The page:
By John Timmer, Ars Technica

How much information can the world transmit, process, and store? Estimating this sort of thing can be a nightmare, but the task can provide valuable information on trends that are changing our computing and broadcast infrastructure. So a pair of researchers have taken the job upon themselves and tracked the changes in 60 different analog and digital technologies, from newsprint to cellular data, for a period of over 20 years.
The trends they spot range from the expected—Internet access has pushed both analog and digital phones into a tiny niche—to the surprising, such as the fact that, in aggregate, gaming hardware has always had more computing power than the world’s supercomputers.

The authors were remarkably thorough. For storage media, they considered things like paper, film, and vinyl records, and such modern innovations as Blu-ray discs and memory cards. To standardize their measurements across media, they used Shannon’s information theory to consider data storage in terms of optimally compressed bits. They also tracked technology, noting that in the year 2000, bits of video were compressed using cinepak, which was far less efficient than the current MPEG-4 format; calculations were adjusted accordingly.
Even so, there are some significant estimations here. “For example,” the authors note, “after normalization on optimally compressed bits we can say things like ‘a 6 square-cm newspaper image is worth a 1,000 words.’”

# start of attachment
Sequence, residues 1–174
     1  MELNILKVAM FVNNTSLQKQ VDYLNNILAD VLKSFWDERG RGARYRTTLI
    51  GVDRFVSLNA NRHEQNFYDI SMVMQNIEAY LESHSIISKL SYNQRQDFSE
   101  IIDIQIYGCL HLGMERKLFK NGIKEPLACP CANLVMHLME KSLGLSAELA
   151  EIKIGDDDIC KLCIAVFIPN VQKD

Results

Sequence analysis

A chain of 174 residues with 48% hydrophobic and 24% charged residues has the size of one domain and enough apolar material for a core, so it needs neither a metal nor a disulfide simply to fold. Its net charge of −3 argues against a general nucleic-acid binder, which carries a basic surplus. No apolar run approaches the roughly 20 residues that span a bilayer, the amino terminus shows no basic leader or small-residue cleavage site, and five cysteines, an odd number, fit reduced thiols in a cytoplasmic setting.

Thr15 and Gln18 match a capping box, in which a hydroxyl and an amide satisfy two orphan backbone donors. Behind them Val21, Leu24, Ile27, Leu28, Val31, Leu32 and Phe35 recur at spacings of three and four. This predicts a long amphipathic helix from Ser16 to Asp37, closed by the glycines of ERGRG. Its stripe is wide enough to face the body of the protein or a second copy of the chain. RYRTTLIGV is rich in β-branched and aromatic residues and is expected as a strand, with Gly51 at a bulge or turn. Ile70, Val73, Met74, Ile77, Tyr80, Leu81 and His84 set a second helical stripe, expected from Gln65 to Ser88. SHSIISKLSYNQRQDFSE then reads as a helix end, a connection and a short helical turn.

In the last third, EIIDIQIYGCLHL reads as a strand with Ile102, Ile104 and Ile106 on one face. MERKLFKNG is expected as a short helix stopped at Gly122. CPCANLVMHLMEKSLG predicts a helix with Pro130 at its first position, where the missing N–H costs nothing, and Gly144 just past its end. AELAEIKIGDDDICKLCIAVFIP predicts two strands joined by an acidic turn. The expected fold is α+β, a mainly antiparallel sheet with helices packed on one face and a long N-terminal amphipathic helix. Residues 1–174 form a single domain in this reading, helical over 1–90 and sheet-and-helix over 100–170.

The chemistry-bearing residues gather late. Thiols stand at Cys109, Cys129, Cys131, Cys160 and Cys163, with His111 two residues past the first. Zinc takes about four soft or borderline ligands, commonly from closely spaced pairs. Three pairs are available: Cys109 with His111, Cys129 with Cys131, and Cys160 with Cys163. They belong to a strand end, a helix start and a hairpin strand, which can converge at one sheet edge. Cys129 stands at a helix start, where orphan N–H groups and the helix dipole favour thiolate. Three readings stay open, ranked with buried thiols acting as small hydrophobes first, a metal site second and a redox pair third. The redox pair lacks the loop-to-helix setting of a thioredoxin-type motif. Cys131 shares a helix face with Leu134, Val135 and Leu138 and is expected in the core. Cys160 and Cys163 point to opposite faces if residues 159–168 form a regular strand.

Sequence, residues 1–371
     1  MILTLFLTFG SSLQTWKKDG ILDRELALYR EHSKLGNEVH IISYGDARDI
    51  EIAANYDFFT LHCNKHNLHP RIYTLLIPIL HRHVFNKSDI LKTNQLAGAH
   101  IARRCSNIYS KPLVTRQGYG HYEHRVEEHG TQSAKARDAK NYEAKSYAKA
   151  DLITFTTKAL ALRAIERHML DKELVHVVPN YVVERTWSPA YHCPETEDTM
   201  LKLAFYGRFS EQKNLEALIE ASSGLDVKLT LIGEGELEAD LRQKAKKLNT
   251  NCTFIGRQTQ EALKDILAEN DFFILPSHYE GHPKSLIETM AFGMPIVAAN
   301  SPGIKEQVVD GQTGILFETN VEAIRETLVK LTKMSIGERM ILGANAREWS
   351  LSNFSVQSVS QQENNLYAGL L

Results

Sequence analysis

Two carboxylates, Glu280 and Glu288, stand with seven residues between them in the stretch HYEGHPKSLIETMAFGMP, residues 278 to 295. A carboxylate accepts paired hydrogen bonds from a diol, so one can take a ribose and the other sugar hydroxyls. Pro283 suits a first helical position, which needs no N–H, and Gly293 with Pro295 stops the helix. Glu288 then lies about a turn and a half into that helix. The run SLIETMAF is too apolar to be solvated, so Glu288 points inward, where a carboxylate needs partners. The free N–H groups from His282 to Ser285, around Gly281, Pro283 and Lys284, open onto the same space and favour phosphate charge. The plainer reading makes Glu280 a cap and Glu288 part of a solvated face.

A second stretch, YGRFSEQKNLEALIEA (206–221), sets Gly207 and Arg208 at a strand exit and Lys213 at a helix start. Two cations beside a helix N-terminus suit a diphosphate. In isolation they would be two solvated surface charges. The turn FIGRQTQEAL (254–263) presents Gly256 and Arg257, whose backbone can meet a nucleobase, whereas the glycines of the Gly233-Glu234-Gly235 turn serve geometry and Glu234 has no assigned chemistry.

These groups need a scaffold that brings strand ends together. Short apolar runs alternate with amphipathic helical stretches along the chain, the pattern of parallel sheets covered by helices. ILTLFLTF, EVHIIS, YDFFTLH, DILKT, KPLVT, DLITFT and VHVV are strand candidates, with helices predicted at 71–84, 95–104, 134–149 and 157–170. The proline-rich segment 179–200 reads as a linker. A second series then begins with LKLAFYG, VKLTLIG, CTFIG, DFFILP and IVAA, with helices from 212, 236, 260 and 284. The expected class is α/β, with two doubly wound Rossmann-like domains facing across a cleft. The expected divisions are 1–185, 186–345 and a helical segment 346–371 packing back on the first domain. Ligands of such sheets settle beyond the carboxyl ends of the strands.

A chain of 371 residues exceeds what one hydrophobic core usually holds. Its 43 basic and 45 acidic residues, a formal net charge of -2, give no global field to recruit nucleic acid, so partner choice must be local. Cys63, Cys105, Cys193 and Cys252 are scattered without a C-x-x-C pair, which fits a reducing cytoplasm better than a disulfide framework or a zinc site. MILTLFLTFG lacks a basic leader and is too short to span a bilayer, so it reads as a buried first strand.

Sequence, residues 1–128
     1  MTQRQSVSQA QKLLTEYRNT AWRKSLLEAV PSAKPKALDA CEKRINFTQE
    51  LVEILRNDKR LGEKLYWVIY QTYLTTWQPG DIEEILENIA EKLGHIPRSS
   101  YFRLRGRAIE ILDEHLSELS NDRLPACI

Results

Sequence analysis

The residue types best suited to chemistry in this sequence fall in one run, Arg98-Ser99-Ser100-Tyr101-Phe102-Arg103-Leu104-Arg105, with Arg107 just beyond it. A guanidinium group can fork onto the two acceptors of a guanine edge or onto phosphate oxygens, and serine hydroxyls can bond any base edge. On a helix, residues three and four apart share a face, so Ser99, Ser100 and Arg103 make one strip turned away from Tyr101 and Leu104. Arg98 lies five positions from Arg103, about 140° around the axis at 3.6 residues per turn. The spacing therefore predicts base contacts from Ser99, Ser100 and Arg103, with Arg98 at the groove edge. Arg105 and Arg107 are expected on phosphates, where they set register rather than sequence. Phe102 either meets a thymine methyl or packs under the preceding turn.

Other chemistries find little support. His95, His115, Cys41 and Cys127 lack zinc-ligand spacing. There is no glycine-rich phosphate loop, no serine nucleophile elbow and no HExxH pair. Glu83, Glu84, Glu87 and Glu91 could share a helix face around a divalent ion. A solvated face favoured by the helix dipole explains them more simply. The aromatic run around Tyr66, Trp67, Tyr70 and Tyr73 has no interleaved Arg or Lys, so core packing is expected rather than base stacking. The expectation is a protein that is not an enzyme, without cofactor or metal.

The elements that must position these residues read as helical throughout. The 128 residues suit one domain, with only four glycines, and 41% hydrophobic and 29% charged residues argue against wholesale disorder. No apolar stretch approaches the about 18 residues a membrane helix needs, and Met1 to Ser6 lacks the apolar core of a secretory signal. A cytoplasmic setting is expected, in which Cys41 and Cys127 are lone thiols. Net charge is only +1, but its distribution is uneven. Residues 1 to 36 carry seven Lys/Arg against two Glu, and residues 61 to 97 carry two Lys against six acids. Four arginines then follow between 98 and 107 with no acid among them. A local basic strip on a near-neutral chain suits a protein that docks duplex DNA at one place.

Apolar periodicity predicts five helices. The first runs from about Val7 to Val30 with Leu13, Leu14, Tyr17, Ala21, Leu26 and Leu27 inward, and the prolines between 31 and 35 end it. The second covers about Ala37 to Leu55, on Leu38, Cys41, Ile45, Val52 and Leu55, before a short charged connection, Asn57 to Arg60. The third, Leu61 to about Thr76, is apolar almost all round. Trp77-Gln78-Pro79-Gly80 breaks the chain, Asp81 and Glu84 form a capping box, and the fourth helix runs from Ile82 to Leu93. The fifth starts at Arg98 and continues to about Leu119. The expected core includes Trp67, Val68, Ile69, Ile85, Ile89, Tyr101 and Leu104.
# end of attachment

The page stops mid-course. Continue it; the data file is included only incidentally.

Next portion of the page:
Similar sorts of estimates are required for things like broadcast capability and two-way communications, both of which are compiled as bits-per-second figures. The researchers estimate typical consumption of broadcast media to figure out how much of the existing capacity is used, and they figure that, since telecom equipment is run to maximize the use of its capacity, it’s usually booked to close to its limit.
Computing capacity is converted into MIPS, and estimates for the total number and class of chips are available. The big question mark here is mostly in embedded controllers; it’s hard to estimate both their computational capacity and how many are out there.
So these are pretty rough estimates, but similar assumptions are made at all four time points examined between 1986 and 2007. That should allow comparisons of trends across the time period, even if the absolute values of the estimates are a bit off.

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http://m.wired.com/wiredscience/2011/02/world-computer-data/